bdm at fenrir.org.uk
Tue Sep 13 11:12:47 BST 2011
On Tue, 13 Sep 2011 11:02:58 +0100
Roland Perry <lists at internetpolicyagency.com> wrote:
> In article <002501cc71f4$2c3547f0$849fd7d0$@net>, James Firth
> <james2 at jfirth.net> writes
> >> Would the activity of these researchers (or malicious
> >> counterparts) be an interception in the UK; and as they've
> >> modified the public DNS to do this, is it an interception on a
> >> public network and therefore criminal?
> >"Modified the public DNS", in that they lawfully purchased internet
> >They may have violated trademarks, or indeed be guilty of fraud
> >(?impersonation?), but don't see how this can be interception.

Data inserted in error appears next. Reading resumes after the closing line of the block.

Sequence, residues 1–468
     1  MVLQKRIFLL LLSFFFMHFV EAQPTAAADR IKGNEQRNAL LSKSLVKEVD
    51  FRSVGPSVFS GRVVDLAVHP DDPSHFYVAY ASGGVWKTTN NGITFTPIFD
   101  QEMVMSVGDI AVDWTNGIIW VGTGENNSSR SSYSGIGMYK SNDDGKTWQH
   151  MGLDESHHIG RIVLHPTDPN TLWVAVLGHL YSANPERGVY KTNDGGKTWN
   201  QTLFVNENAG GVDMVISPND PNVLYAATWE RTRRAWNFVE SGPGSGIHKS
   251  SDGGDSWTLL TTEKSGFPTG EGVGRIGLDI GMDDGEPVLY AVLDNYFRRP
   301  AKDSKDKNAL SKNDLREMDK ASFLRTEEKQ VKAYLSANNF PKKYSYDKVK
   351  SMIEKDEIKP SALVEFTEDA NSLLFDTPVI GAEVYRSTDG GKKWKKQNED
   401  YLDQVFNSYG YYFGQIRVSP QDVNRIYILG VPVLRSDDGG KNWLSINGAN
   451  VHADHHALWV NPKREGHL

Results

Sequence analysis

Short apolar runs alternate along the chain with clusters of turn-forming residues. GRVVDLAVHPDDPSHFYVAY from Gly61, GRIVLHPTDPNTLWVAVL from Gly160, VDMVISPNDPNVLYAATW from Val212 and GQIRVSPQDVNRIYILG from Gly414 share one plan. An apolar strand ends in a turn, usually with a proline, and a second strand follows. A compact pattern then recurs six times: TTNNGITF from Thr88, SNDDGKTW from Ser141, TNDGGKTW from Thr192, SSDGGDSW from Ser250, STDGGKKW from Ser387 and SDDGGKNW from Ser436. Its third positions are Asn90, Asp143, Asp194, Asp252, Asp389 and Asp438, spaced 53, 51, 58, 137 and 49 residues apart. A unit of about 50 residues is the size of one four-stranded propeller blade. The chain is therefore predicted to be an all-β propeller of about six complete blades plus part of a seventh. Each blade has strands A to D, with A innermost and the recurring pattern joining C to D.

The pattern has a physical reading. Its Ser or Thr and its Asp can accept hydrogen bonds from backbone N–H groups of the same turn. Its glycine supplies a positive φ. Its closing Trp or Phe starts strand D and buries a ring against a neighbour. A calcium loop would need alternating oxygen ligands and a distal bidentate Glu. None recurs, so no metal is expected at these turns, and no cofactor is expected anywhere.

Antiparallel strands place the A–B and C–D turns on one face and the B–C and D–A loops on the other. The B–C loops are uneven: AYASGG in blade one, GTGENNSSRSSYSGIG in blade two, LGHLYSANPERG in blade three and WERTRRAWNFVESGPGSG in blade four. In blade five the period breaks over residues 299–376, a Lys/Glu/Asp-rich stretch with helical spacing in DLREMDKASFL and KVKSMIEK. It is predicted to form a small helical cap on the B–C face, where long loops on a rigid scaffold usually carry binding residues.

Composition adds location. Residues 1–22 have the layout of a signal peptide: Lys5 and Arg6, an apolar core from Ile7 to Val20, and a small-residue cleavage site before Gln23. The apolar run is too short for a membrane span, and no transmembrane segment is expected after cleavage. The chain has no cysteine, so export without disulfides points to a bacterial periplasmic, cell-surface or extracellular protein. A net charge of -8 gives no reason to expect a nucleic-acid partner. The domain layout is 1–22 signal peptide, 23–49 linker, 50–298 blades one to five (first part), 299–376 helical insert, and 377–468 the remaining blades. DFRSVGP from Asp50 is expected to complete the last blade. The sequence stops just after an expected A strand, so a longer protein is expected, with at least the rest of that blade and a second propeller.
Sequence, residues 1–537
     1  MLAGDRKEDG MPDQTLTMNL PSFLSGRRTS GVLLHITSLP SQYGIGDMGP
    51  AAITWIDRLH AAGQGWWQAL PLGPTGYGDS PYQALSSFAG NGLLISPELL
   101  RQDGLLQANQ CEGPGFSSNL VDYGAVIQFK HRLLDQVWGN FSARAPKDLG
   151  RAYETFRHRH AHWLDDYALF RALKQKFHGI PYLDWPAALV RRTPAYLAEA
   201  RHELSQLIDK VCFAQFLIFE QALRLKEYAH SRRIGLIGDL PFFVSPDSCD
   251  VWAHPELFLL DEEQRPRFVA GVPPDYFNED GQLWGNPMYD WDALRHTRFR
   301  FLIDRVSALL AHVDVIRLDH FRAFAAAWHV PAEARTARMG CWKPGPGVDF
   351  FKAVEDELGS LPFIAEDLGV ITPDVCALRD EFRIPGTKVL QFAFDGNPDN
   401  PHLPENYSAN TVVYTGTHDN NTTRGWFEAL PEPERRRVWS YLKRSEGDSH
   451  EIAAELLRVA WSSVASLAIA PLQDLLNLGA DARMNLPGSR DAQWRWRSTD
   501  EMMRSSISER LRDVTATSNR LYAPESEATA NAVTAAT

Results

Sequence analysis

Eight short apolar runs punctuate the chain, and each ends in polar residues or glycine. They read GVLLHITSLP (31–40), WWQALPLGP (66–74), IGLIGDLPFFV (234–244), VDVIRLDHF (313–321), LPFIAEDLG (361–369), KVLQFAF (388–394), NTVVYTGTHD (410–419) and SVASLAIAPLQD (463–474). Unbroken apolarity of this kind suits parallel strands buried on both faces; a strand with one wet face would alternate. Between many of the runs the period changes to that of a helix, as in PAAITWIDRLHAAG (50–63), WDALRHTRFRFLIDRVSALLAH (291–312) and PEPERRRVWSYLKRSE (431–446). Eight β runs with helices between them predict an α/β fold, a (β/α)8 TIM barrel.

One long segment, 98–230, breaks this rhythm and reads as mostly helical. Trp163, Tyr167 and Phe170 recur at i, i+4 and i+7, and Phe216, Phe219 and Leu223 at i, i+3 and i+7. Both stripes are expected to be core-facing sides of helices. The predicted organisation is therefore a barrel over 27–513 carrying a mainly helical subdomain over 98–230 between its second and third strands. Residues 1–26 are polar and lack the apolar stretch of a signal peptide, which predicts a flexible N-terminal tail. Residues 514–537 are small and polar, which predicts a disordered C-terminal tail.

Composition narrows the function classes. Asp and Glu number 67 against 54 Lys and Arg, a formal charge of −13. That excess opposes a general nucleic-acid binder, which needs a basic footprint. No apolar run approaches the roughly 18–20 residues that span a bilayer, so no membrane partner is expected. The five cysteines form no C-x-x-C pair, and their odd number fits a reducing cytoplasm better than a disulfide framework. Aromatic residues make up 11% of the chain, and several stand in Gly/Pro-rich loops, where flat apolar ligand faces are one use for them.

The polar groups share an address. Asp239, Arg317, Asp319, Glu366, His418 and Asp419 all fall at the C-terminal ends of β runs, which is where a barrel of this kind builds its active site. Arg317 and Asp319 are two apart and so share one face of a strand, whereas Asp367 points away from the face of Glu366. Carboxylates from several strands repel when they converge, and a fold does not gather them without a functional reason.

> It's difficult, isn't it! Their stated aim was to intercept (small i)
> emails, of course.
Not as such, they are only "intercepting" email that otherwise would
have been marked as a failed delivery because there was no MX record
for the incorrect domain name.
They could have done this without storing the message bodies, all they
were interested in were the headers which their mail server
legitimately processed. It should be sufficient to simply list the
number of incorrectly addressed emails they received.
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